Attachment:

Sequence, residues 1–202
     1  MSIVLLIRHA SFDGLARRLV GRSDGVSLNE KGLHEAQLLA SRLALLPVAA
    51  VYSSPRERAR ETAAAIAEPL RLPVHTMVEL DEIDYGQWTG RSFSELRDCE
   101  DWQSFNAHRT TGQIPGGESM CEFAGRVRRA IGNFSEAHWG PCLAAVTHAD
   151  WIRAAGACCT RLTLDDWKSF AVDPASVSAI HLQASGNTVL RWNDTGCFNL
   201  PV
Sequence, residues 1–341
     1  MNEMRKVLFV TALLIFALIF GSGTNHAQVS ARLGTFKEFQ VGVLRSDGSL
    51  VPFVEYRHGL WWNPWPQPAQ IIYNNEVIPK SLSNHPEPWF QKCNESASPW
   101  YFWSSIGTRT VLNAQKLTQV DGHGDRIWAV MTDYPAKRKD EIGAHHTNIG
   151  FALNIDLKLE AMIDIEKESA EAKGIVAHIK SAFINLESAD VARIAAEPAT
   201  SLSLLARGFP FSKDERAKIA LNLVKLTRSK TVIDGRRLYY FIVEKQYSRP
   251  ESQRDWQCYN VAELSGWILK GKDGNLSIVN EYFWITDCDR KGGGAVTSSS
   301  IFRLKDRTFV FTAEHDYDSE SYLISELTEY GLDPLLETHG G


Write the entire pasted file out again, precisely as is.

Sequence, residues 1–202
     1  MSIVLLIRHA SFDGLARRLV GRSDGVSLNE KGLHEAQLLA SRLALLPVAA
    51  VYSSPRERAR ETAAAIAEPL RLPVHTMVEL DEIDYGQWTG RSFSELRDCE
   101  DWQSFNAHRT TGQIPGGESM CEFAGRVRRA IGNFSEAHWG PCLAAVTHAD
   151  WIRAAGACCT RLTLDDWKSF AVDPASVSAI HLQASGNTVL RWNDTGCFNL
   201  PV
Sequence, residues 1–341
     1  MNEMRKVLFV TALLIFALIF GSGTNHAQVS ARLGTFKEFQ VGVLRSDGSL
    51  VPFVEYRHGL WWNPWPQPAQ IIYNNEVIPK SLSNHPEPWF QKCNESASPW
   101  YFWSSIGTRT VLNAQKLTQV DGHGDRIWAV MTDYPAKRKD EIGAHHTNIG
   151  FALNIDLKLE AMIDIEKESA EAKGIVAHIK SAFINLESAD VARIAAEPAT
   201  SLSLLARGFP FSKDERAKIA LNLVKLTRSK TVIDGRRLYY FIVEKQYSRP
   251  ESQRDWQCYN VAELSGWILK GKDGNLSIVN EYFWITDCDR KGGGAVTSSS
   301  IFRLKDRTFV FTAEHDYDSE SYLISELTEY GLDPLLETHG G